I returned to my homeland this past January to bury a brother, the elder and leader of our growing clan since our parents died some 20 years ago. Many Sam ("Many" being a title of respect) died from prostate cancer. At one point, the men in the family talked freely about the scourge—Dad died from it, a couple of us are dealing with it, including myself. One brother, the family comedian, joked that our family should have stayed Catholic, concluding that, in his non-medical opinion (he's an agricultural engineer), prostate cancer is a Protestant affliction. "Don't we sing a hymn that says ?angels' prostate fall?" Someone reminded him that it's prostrate fall, not prostate. We laughed. The comic shrugged off his "engineer's English" and laughed with us. Humor comforted us even in the midst of Many's death. Life is a joy. The resurrection faith enables us to rise above our fears and the terror of cancer.
I started doing ministry in 1961 after graduation from the seminary. Over the 40 years of uninterrupted practice in the ministry, I've always experienced it as joyful—until last summer, when things got pretty overwhelming and stressful and I was sensing that I was losing the joy of it. I went on a pilgrimage, returning to the homeland where I visited the barrios of my early childhood years. I wanted to reconnect with my past, where it all began for me.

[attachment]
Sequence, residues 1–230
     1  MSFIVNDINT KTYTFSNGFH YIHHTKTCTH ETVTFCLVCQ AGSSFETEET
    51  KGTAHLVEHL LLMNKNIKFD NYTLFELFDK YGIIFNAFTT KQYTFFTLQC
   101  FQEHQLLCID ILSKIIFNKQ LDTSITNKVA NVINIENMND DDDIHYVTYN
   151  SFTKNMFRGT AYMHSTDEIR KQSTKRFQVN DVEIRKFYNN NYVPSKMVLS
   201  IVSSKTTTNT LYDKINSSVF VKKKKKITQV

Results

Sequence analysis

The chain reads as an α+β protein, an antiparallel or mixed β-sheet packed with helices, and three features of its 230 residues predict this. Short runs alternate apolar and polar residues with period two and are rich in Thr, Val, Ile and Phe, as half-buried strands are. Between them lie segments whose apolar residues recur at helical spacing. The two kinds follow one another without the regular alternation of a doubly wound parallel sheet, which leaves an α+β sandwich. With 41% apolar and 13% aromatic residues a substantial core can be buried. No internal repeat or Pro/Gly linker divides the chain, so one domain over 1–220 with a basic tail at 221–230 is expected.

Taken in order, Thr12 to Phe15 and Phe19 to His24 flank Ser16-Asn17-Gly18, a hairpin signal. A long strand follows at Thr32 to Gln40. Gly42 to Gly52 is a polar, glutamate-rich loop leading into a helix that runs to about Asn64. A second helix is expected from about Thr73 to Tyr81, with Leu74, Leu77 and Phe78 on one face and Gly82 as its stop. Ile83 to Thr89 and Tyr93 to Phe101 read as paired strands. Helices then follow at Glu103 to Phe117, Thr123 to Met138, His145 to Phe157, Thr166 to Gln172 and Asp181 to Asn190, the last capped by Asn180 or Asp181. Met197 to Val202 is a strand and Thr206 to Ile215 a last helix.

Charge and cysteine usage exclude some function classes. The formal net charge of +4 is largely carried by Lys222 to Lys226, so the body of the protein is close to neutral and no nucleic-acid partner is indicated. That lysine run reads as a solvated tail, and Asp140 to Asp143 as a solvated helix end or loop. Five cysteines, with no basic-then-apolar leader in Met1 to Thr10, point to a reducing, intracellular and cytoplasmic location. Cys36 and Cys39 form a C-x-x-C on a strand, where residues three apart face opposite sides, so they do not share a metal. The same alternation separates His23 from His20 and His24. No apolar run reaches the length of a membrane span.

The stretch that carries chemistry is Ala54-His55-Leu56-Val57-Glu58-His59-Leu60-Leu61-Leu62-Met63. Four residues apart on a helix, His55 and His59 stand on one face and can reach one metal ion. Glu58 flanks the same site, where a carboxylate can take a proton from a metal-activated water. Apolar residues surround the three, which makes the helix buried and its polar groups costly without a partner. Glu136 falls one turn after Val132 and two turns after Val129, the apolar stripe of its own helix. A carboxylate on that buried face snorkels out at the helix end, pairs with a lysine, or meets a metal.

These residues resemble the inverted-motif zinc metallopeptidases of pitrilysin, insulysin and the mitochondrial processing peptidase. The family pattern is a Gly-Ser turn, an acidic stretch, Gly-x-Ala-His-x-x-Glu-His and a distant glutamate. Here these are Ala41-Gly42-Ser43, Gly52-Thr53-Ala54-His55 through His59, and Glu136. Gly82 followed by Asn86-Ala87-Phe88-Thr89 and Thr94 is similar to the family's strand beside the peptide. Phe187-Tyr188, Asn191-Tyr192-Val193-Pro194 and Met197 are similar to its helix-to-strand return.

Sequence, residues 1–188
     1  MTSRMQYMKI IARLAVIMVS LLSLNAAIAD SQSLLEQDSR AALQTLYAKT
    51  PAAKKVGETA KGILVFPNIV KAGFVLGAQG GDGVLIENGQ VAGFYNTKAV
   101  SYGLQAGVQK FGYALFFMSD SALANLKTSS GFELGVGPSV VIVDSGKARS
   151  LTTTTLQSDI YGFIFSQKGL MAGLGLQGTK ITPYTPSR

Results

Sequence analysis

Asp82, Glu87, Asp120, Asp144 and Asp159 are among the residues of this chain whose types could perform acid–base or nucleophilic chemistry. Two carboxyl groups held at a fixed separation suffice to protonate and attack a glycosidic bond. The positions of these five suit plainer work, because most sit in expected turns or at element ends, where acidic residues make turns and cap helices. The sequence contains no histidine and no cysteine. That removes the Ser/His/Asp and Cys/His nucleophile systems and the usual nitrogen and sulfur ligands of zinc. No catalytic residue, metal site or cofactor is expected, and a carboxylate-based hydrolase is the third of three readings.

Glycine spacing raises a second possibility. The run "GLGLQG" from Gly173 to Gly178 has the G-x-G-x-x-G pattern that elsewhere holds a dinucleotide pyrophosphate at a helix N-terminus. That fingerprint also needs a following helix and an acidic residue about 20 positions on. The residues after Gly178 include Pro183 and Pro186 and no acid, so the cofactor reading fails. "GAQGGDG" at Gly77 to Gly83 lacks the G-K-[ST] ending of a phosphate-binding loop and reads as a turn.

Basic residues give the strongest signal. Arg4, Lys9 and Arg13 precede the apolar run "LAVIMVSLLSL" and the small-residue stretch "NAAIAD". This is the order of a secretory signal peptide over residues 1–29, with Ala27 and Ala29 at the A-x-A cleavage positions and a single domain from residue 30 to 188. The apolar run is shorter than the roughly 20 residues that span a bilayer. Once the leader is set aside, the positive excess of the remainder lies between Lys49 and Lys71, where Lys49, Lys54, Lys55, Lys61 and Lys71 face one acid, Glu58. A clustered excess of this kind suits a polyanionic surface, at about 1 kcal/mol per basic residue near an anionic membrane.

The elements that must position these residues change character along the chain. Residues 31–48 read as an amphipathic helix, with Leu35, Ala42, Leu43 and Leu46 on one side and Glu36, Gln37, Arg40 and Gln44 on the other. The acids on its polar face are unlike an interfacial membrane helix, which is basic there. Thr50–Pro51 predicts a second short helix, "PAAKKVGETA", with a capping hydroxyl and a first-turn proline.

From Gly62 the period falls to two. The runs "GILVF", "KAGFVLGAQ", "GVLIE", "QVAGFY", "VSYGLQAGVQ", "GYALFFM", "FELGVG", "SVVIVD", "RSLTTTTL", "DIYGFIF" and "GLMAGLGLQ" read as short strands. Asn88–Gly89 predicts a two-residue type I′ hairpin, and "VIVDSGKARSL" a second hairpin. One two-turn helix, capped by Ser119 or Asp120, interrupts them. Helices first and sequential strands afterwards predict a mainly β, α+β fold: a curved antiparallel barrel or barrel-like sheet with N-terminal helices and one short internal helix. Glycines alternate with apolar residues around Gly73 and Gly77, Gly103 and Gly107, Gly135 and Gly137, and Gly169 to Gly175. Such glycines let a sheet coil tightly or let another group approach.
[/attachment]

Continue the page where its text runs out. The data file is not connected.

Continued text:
I visited the remote place where the family evacuated during World War II, in an abandoned house, now gone. It was there where I had my first memories—pasturing the carabao, swimming, laying bamboo fish traps in the river with my brothers. The second locale was where we lived after the war. I saw the field where my brothers and I shepherded sheep for a wealthy family. Nothing but an empty space where the house used to stand. At the third barrio, I visited the school where I attended first grade and thought of my teacher, Miss Rosa. I looked for the bat, a huge rock, after which the village was named. I found it under a grown mango tree. I vividly recalled happy, playful, carefree times on it with my boyhood friends and classmates.
I visited my hometown church and to my first parish on the same island. Looking back to those places and times, picturing in my mind a long life and faith journey, seeing myself where I came from and where I am now—thousands of miles and three scores and two years later—I saw, I felt, I believed in the guiding, sustaining presence in my life of the living God whom I know in the risen Christ. This thought, and the summer's pilgrimage, revived and renewed my soul, body and mind. God is alive. I, too, shall live. Doing ministry is truly joyful once again and, I pray, always will be.
The Rev. José A. Malayang is Executive Minister of Local Church Ministries.